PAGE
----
MUSEUM MUSING BY L.M . " BUZZ " LEIN
February 9, 1984
In Bert Salonen's 1929 Evening News Chronicle, there is in the Nipigon Section an article about Granny Thompson. No relation to Jack or Maurice. Long ago E. C. Everett took a picture of Granny when she was sweeping up some wood chips at her woodpile. Her tiny house was situated on the same corner where Red Winfield lives now (1984 - ed.).
Granny has descendants living in Thunder Bay. We know this because we spent a couple of hours talking to them in the Museum a couple of years ago. They left some photos and some written info which should be on file in the Museum. We have to resurrect these. (Not sure if they made it through the fire of 1990 - ed.)
That long-ago reported who was talking to Granny really blew it because instead of an interesting look into pioneer life, all he got was filler. You'll know what we mean in a moment or two. Granny was ready to talk by the way the interview reads but the reported didn't know the right questions to ask. He had never read any local history.
We learn at the opening of the interview that Granny was married twice. The first time at age 18 to Patrick Cuyley. If that name was Cooley or Cayley, it would sound better. The second time to James Thompson.
Taking a few liberties with the intent of the interview, it would seem Patrick lined up a job on railway construction with the C.P. R. and then went back to Ireland to pick up Granny. We call her Granny because her Christian name is not given. As noted above she was married at eighteen. Since this interview was done in 1929 when her age was given as 83, that she was probably born in 1854 and arrived in Canada about 1872.
We'll let the reporter of the Evening News Chronicle take it from here:
"Where was I born? Why, in the capital city of Ireland in good old Dublin. I was three weeks crossing the Atlantic Ocean on a sailing vessel, and almost six weeks getting to Nipigon from Halifax where I landed, for we had to go through the States by slow degrees to Minneapolis, thence north to the Lake of the Woods and the settlement called Rat Portage (Kenora). Over land and stream we finally made it to Port Arthur, and from there set out on a small sailing boat for Nipigon."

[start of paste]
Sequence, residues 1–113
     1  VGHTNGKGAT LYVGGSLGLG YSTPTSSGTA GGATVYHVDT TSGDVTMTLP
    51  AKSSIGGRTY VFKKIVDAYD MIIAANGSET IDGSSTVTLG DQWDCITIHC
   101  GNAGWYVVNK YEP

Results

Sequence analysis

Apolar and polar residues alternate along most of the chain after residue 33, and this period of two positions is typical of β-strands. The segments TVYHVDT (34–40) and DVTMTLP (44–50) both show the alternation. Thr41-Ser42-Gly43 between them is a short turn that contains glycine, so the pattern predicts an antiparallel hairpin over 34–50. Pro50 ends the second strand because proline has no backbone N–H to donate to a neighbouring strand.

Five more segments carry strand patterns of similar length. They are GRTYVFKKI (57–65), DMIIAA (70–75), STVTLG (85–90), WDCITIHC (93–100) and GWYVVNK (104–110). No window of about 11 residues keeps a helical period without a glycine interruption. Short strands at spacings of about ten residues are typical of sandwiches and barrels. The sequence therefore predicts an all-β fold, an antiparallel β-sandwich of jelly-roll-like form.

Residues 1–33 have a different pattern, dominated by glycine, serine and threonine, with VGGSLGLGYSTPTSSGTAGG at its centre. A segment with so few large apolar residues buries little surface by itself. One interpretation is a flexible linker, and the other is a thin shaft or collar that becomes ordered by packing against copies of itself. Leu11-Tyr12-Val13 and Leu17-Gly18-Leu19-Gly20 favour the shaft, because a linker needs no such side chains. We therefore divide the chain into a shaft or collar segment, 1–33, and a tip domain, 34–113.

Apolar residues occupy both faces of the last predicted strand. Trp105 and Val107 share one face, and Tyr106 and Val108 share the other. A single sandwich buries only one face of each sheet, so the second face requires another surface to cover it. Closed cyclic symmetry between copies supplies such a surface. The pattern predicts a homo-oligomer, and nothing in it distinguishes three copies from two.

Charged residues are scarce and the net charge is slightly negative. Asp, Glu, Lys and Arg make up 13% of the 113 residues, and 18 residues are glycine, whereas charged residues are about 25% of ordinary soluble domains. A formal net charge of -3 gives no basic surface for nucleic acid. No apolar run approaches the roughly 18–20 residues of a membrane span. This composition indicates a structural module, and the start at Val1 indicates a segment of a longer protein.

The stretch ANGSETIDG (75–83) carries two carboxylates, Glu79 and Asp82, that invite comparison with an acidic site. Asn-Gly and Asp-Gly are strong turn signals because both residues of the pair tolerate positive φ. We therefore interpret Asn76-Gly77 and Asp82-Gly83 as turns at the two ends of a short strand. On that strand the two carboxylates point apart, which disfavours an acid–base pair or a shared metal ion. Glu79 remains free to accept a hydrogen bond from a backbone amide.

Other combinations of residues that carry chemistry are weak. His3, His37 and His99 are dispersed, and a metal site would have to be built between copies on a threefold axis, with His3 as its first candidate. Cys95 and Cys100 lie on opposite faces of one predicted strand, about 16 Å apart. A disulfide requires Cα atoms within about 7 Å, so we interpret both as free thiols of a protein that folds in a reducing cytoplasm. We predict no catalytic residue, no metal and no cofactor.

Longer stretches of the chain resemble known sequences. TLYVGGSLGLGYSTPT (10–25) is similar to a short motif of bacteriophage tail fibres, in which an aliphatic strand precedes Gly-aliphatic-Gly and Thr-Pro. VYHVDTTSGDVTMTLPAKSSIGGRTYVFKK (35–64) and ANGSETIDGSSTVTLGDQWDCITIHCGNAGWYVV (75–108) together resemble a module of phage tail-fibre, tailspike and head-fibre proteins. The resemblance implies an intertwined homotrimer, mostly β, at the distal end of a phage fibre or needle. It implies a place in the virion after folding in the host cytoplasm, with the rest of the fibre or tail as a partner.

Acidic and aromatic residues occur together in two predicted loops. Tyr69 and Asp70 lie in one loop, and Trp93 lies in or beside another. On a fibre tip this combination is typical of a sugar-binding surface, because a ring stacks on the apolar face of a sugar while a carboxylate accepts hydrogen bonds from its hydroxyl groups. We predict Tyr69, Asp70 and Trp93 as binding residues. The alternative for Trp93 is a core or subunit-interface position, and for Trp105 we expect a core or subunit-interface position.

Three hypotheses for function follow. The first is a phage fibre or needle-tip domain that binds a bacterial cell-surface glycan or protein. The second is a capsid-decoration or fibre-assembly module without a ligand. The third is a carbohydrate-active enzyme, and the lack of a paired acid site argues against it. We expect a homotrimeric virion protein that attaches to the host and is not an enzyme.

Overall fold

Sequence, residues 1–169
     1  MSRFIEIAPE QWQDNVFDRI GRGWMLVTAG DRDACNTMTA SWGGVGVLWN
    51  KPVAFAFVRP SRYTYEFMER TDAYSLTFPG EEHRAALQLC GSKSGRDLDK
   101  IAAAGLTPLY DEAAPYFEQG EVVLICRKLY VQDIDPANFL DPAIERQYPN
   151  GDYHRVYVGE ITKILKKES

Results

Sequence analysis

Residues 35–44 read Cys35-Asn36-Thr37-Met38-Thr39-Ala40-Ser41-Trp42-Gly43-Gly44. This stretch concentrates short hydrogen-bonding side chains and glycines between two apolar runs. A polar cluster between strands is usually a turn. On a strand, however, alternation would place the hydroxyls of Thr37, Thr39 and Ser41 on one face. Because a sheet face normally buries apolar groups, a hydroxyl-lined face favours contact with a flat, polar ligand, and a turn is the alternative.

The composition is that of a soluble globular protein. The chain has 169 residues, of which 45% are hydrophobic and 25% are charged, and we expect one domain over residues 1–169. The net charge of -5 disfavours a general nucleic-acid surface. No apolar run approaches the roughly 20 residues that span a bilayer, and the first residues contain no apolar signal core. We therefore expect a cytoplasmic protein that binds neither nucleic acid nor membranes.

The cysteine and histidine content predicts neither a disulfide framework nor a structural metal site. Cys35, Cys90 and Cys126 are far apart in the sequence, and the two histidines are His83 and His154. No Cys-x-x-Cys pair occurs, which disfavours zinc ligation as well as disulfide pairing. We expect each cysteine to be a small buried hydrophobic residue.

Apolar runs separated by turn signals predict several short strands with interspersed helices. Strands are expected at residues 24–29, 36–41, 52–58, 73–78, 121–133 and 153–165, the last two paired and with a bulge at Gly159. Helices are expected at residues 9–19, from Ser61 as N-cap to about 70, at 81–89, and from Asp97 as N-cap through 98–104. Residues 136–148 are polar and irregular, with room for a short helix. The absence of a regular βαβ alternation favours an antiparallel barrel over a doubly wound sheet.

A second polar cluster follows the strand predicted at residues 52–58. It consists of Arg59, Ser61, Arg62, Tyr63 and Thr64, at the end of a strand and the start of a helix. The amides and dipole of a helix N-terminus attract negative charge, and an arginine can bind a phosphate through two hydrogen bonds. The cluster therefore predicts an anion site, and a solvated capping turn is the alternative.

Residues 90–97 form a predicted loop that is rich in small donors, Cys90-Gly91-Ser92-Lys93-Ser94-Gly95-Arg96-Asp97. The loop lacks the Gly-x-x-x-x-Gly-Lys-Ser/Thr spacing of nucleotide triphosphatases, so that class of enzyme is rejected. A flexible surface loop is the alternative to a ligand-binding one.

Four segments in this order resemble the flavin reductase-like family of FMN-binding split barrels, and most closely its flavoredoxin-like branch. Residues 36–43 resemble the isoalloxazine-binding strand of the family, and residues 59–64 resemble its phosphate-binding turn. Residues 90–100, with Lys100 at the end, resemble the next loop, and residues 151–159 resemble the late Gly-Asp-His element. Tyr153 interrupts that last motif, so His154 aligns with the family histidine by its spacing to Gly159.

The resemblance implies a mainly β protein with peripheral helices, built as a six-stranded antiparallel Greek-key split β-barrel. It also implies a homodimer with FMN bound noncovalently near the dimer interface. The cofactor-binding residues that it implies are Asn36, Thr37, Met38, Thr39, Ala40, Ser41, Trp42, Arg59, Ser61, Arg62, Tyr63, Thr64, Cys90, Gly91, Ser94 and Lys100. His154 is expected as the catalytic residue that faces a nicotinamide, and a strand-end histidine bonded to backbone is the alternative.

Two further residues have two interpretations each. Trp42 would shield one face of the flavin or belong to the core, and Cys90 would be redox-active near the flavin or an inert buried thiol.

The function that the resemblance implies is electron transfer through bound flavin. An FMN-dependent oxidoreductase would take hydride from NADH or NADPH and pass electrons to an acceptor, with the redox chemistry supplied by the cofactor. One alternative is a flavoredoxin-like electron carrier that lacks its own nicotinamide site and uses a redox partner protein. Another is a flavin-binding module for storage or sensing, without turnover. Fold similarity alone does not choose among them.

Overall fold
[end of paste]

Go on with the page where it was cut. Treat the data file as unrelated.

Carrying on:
"There we about 100 people on that boat coming to Nipigon section. I remember when the engineers came to pout through the line for the Canadian Pacific Railway, and my first husband, Patrick Cuyley, later became foreman on construction between Red Rock and Jackfish. At that time, I was living at the Little Jackfish."
From our knowledge of what was going on, Granny is on safe ground when she says she saw the engineers laying out the line. The first gang of surveyors started there in 1872 and were still at it when Granny arrived about 1874. As a matter of fact the construction of the C. P. R. east from Thunder Bay started in 1883. The surveying had to be done or almost done. By 1884 this section seems to have been completed as far as Red Rock. It wasn't till early in 1886 that the line was fit to run trains over slowly.
And note how she got to Nipigon Section - they must have travelled by canoe from Rat Portage to Port Arthur.